• Deuteragonist: In its own way, Aribeth's story is just as important to the original campaign as yours. She also serves as a Foil to your character; while you're an academy cadet that becomes the Hero of Neverwinter, she's the leader of the academy that becomes a commander of Morag's army to destroy Neverwinter.
  • The Dragon: Co-Dragons with Maugrim after her turn to darkness. In Hordes, if you leave her as a blackguard when you recruit her, she'll claim that she was working for Mephistopheles all along when she betrays you before the final battle. You can still Intimidate her into staying by your side. The Persuade option has you "suggesting" to her to double-cross Mephistopheles.
  • Eating the Eye Candy: When the Mimic steals the male player character's armor in Hordes, more obviously if she's on the dark side.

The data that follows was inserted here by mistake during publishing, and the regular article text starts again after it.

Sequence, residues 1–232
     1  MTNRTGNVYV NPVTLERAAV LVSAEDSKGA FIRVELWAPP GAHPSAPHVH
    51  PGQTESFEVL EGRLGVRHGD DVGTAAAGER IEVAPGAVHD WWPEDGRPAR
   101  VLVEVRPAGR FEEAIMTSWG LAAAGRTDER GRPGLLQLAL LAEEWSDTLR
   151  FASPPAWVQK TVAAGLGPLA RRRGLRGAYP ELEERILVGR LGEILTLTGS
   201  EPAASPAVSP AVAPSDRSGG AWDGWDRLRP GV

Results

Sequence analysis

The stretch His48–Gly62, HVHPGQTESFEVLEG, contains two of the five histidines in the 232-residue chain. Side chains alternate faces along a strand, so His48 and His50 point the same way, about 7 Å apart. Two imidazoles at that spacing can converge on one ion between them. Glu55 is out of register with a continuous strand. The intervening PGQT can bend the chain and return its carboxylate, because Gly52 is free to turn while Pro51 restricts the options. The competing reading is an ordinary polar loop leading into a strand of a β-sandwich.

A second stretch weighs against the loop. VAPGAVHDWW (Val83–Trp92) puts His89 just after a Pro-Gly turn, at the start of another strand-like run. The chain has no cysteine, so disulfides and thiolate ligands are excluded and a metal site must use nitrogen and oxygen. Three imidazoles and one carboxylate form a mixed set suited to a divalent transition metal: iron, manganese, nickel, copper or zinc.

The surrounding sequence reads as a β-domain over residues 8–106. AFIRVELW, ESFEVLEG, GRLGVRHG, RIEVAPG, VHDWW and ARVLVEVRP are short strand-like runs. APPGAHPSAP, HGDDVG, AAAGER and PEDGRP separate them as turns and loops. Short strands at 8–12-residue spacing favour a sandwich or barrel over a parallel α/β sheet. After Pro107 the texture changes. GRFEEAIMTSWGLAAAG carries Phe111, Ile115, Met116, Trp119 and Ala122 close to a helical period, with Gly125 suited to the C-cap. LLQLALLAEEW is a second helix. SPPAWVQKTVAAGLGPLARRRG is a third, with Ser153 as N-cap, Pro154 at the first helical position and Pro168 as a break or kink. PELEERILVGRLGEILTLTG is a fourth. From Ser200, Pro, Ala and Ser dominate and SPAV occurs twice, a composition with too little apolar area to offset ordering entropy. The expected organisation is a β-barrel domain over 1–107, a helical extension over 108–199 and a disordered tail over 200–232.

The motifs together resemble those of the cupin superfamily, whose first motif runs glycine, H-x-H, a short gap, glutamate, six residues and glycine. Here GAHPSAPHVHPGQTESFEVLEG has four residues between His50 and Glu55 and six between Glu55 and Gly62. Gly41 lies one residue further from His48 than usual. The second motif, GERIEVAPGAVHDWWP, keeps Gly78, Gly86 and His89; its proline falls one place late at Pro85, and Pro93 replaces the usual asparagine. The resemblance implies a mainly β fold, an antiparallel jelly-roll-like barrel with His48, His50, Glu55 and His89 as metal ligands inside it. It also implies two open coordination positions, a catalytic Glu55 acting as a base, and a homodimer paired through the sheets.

• Evil Makeover: She gets a more sinister character portrait following her Face–Heel Turn. Justified by her magical conversion into a blackguard.
  • Face–Heel Revolving Door: Though the severity of this trope depends on the player's actions. Come Hordes, it's possible for her to have gone from good to evil and back again three or four times, with the final alignment varying.
  • Face–Heel Turn: Becomes an enemy after Chapter 2.
  • Fallen Hero: She falls very hard.
  • Heel–Face Door-Slam: Hordes implies that canonically, the player character spared her and convinced her to turn herself in, but Nasher had her executed to appease the city.
  • Heroic BSoD: She's suffering from a major one in Chapter 2. Seeing Fenthick executed by the city he loved and served faithfully makes her question her views on justice, loyalty, love, and morality. This is compounded by psychic dreams that make her fear Tyr has abandoned her. This results in her turning evil because she cannot find any justice in what happened to Fenthick and thus cannot believe in Tyr, instead deciding to take her own justice by claiming revenge on the city
  • Heroes Prefer Swords: She goes for the traditional longsword as her Weapon of Choice. Subverted when she becomes evil and still uses a sword.